The Third Offset Is Not a Destination but a Journey

April 1, 2017
By Julianne Simpson
E-mail E-mail the Author

A change in the relationship between Silicon Valley firms and the Defense Department will drive progress.

Making innovation the prime driver of the U.S. defense community will require an ongoing, long-term effort, defense experts say. Known as the third offset, this endeavor is more of a methodology than an objective, they explained at a recent two-day conference.

AFCEA International, along with Second Front Systems and Business Executives for National Security, held the inaugural Offset Symposium February 14-15 in San Francisco to improve connections between venture capitalists and government innovators. The forum at the Marines’ Memorial Club aimed to advance the work of building the ties that bind innovative technology clusters such as Silicon Valley and the national security community. 

Speakers discussed what achieving the third offset strategy might look like and how the country can get there. The strategy attempts to offset shrinking U.S. military technological superiority by investing in new capabilities and concepts of operation. Raj Shah, managing partner, Defense Innovation Unit Experimental (DIUx), stressed the importance of cultural change both in Silicon Valley and the Defense Department to accomplish the strategy’s aims. “I think the real mission of DIUx and what all of us here in this room are working on is not just the technology. The technology is critical, and it’s what gives us combat capability. But the real issue is culture change,” he said.

Shah highlighted the need for a more rapid acquisition process within the Defense Department and increased access to commercial technologies such as drones and artificial intelligence. He added that he is beginning to see companies in Silicon Valley view the department as a real customer. 

Gen. Peter Pace, USMC (Ret.), 16th chairman of the Joint Chiefs of Staff and recipient of the 2008 Presidential Medal of Freedom, reiterated the need to break down barriers between government and industry during his kickoff keynote. “The door has to be open to industry. Right now, the third offset is not an answer; it’s a question. What is it?” Gen. Pace asked attendees. “It’s not a destination; it’s a journey. What I believe has happened over the last year is the [Defense Department] has reminded us that we are on this journey. We need to do this better and faster than offsets one and two, and we need the people in this room and your capabilities to maximize the opportunity.”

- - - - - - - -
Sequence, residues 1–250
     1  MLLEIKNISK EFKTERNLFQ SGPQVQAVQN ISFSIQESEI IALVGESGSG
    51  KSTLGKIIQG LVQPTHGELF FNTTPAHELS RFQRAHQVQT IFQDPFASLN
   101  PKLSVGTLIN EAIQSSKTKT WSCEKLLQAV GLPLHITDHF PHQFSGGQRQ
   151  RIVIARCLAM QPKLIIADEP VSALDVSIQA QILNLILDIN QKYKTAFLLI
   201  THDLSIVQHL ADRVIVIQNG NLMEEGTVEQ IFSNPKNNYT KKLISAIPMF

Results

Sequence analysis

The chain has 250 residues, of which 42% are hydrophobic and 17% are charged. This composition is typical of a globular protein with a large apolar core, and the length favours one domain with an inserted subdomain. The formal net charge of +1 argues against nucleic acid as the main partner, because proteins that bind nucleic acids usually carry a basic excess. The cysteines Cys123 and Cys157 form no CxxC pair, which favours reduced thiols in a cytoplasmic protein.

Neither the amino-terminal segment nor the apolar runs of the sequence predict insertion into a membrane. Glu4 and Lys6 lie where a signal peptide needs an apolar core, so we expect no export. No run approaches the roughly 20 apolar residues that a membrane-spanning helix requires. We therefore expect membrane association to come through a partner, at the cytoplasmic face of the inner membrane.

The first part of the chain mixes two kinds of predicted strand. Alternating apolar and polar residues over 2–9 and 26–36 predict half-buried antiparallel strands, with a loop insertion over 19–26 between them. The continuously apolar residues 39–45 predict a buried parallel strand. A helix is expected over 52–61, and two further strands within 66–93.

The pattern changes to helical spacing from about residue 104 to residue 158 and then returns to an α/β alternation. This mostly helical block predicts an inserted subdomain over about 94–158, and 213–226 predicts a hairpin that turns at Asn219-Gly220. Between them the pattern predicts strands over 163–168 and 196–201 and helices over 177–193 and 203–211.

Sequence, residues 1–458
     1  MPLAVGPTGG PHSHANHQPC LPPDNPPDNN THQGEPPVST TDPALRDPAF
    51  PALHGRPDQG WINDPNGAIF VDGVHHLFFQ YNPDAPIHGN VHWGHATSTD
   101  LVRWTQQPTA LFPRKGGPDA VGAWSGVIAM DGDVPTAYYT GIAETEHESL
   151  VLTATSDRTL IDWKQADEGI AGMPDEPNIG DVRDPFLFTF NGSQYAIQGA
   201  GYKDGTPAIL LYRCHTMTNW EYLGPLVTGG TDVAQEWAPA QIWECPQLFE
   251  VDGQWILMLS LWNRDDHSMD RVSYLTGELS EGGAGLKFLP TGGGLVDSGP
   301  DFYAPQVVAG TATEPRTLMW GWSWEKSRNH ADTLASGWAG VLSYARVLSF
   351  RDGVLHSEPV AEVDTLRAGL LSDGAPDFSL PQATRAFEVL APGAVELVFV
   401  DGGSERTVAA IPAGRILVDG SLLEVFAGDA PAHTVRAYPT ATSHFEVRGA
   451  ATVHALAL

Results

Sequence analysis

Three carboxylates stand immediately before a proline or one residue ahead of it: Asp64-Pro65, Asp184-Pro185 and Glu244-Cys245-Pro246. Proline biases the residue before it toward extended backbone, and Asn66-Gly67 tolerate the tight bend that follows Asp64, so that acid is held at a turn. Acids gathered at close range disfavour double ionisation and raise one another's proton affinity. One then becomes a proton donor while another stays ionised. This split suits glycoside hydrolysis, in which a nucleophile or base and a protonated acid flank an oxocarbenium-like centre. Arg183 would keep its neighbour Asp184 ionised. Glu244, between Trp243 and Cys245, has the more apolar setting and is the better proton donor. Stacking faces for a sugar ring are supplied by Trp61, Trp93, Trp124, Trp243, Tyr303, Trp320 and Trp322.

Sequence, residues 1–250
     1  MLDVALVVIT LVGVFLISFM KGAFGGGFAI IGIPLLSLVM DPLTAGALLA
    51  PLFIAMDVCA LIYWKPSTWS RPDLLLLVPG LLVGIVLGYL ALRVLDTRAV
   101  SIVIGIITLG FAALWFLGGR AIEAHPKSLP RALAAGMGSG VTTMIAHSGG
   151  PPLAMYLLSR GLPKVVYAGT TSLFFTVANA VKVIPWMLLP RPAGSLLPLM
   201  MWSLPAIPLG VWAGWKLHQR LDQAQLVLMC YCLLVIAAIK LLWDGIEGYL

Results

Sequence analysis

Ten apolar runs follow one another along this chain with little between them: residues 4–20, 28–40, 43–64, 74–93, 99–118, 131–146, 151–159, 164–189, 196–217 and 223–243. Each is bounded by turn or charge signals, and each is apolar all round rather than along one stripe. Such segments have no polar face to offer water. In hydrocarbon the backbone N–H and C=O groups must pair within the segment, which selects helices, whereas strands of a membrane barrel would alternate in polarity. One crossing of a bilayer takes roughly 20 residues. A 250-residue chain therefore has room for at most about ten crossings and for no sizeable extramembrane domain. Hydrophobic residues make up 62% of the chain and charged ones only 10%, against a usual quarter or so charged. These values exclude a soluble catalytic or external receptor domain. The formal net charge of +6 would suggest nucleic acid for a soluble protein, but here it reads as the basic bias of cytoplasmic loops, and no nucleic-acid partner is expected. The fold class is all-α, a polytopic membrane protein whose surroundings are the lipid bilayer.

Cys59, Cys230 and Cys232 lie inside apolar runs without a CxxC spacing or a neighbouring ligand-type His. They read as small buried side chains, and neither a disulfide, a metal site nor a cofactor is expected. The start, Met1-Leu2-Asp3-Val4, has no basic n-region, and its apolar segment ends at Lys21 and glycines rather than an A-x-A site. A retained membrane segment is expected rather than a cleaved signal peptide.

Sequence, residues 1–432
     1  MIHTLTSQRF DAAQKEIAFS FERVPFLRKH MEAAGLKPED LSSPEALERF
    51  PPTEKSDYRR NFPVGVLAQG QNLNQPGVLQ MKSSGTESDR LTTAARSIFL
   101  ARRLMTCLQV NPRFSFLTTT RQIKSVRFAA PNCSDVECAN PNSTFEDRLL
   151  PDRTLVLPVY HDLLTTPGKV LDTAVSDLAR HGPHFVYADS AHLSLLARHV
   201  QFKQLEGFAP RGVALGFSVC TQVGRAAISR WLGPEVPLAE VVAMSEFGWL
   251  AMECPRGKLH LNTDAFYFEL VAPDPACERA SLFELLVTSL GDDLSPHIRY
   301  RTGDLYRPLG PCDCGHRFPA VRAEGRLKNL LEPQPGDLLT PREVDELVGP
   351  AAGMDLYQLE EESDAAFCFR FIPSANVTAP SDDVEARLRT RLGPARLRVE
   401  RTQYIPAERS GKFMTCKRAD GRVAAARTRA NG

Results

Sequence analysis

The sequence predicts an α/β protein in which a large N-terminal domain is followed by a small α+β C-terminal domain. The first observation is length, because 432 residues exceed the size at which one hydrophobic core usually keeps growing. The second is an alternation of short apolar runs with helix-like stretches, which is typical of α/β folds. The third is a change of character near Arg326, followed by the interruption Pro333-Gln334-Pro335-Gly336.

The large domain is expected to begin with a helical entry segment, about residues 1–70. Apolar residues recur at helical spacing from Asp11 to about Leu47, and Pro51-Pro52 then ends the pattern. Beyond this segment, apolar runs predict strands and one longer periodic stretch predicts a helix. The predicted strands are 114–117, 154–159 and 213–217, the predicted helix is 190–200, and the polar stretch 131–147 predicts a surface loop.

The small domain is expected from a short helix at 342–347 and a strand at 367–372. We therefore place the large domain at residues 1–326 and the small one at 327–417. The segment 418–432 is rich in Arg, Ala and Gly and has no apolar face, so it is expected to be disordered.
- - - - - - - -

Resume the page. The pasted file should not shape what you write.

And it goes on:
The reality is that no rational person will ever fight the United States symmetrically again, noted Gen. Stanley McChrystal, USA (Ret.), former commander, Joint Special Operations Command. “They are going to fight it some other way, which means almost by definition that whatever we prepare for is what they will not do,” Gen. McChrystal said during his keynote speech on the symposium’s second day. “I think the work all of you are doing may not win the war we’re in, but it may win the next one, or even better, prevent the next one.”

For success moving forward, “We need people to start thinking about things that don’t seem to matter as much in the here and now but will literally define the future,” Gen. McChrystal added. “We have no idea what the future is going to be, so we need to be incredibly flexible.” 

In his closing keynote address, Gen. Keith Alexander, USA (Ret.), IronNet Cybersecurity CEO and president, laid out the challenge national security experts and the venture capital community must overcome to advance the third offset strategy. “The amount of unique information being created this year is more than the last 5,000 years combined,” he said. “That means that by the time current freshmen in college are juniors, half of what they learned will be outdated. We are training students for jobs that don’t exist, with technology that hasn’t been created for solving problems that we don’t even know are problems. So who’s on the front line of this? We are. This is cybersecurity.”

Gen. Alexander underscored the need for strategy development and collaboration to solve cybersecurity as a nation. “The vision has to go beyond the technology because technology is going to be outdated going forward,” he said. He sees massive potential in small companies, especially when they partner with or are financed by bigger corporations. “Our country is an innovation nation. The groundswell of innovation is in small companies,” the general concluded. 

For more information on the event and speakers visit

Enjoyed this article? SUBSCRIBE NOW to keep the content flowing.


Share Your Thoughts: